Ambassador Dana Shell Smith, who represents the United States to the government of Qatar -- one of the Muslim states on the Arabian Peninsula -- posted her dismay over having to explain her country's current political situation.

She tweeted: "Increasingly difficult to wake up overseas to news from home, knowing I will spend today explaining our democracy and institutions."  

Nominated by Barack Obama, Shell Smith was confirmed to her current post in 2014. Even while American ambassadors are normally required to tender their resignations upon a change at the White House, Shell Smith has remained in Doha, the capital of Qatar. She previously served in the Department of State during the Obama administration as Principal Deputy Assistant Secretary of Public Affairs from 2011 to 2014 and as Deputy Assistant Secretary for International Media. She speaks Spanish, Hebrew, Chinese, and Arabic. 

Shell Smith stirred controversy with a response to an article written by colleagues. The president of the American Foreign Service Association (AFSA), Susan Johnson, wrote an op-ed for The Washington Post in 2013 denouncing what she and her co-authors saw as a breakdown in the Foreign Service system in favor of political appointees and regular civil service employees during the Obama administration. Shell Smith and another Foreign Service officer circulated a letter that disagreed with Johnson and co-authors. Firing back, eleven former AFSA presidents asked the Senate Foreign Relations Committee not to approve Shell Smith’s nomination. However, the Democrat-controlled committee approved her appointment and sent it to the full Senate for consideration on June 24, 2014.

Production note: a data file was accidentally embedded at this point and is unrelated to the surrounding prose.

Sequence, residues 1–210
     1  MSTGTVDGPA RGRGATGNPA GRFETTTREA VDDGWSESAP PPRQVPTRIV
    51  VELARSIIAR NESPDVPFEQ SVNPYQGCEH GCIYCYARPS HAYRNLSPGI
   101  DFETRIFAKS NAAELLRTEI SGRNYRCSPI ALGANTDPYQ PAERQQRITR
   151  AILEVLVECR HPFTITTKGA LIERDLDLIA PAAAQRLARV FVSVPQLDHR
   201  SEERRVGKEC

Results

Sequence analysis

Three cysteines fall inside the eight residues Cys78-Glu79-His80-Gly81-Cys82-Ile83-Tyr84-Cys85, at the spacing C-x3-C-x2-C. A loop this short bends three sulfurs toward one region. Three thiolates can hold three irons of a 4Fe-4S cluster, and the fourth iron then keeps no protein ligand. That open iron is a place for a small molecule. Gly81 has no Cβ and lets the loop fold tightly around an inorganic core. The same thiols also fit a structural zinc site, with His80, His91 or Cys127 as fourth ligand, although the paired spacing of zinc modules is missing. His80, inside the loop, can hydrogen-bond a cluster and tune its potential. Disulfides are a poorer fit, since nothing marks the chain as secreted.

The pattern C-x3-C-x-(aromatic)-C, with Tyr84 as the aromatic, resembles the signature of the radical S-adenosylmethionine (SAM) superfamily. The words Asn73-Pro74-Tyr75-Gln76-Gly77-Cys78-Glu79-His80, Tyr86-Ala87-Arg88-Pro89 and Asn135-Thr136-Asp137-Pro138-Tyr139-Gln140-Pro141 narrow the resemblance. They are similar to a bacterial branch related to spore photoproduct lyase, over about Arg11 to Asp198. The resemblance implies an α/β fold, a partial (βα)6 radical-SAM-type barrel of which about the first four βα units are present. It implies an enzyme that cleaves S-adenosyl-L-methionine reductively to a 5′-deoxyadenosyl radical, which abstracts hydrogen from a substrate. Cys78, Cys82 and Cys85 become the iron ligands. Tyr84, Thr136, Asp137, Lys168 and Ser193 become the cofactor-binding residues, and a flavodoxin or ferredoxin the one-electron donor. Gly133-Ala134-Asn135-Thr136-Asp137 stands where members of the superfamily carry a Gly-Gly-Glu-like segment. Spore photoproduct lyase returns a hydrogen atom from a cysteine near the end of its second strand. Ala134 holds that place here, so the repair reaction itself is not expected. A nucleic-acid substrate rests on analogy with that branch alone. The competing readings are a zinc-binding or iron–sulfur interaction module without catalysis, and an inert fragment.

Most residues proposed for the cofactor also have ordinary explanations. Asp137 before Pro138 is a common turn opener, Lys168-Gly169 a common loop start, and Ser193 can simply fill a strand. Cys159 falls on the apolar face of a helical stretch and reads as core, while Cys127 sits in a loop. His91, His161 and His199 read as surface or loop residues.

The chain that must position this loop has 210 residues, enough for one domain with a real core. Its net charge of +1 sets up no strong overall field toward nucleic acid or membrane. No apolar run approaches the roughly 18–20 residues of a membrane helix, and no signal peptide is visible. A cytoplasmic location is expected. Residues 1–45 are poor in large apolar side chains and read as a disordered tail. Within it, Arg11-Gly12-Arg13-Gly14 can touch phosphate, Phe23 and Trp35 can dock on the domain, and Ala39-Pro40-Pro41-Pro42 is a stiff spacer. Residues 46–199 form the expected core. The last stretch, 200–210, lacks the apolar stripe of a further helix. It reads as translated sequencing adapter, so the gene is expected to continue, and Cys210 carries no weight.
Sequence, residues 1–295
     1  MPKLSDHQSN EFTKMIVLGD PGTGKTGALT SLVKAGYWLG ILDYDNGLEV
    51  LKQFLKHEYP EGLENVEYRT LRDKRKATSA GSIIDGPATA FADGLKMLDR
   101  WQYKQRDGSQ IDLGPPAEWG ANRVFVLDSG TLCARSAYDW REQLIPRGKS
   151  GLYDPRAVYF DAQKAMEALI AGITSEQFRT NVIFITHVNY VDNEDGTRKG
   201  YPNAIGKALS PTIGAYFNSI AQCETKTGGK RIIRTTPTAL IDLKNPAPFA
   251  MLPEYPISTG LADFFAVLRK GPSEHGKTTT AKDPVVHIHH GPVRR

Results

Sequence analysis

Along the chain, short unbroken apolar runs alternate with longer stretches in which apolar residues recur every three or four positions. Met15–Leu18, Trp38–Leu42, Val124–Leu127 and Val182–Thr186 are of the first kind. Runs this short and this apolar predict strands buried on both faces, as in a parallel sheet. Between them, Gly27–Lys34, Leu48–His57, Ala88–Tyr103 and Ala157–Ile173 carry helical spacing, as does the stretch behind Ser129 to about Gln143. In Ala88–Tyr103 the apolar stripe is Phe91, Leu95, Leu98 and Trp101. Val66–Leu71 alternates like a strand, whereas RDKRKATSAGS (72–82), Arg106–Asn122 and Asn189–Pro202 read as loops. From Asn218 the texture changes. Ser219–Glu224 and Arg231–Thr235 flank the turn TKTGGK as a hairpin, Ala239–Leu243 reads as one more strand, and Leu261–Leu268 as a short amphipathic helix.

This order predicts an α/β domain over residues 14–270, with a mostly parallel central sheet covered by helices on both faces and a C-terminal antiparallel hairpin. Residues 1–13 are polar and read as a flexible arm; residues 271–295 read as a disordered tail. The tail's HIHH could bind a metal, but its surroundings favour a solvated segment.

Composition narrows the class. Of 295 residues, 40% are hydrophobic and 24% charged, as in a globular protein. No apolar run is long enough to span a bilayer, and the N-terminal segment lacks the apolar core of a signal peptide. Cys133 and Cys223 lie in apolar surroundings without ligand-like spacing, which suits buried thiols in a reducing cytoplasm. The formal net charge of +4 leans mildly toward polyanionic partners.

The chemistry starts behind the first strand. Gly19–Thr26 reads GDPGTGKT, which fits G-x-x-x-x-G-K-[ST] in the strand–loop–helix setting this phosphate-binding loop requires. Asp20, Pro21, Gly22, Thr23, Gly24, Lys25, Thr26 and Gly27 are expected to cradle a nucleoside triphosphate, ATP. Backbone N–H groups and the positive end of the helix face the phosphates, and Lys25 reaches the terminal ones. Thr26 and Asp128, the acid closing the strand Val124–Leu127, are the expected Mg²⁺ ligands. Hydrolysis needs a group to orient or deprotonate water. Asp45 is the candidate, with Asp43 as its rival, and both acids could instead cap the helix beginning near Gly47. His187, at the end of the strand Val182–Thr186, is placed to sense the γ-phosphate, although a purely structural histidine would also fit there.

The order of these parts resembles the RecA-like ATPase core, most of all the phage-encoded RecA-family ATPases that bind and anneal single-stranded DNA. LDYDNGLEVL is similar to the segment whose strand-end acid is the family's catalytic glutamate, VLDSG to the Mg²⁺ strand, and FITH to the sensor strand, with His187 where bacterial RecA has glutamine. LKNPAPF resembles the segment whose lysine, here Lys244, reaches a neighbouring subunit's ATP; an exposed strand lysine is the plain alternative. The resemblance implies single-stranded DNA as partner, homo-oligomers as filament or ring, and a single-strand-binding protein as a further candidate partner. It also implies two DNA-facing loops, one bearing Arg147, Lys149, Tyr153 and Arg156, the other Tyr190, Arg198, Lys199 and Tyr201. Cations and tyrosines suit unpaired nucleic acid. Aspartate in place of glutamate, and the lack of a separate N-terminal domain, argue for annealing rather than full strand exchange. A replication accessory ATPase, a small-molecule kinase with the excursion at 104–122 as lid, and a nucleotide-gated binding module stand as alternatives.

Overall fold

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Spero News editor Martin Barillas is a former US diplomat, who also worked as a democracy advocate and election observer in Latin America. His first novel 'Shaken Earth', is available at Amazon.

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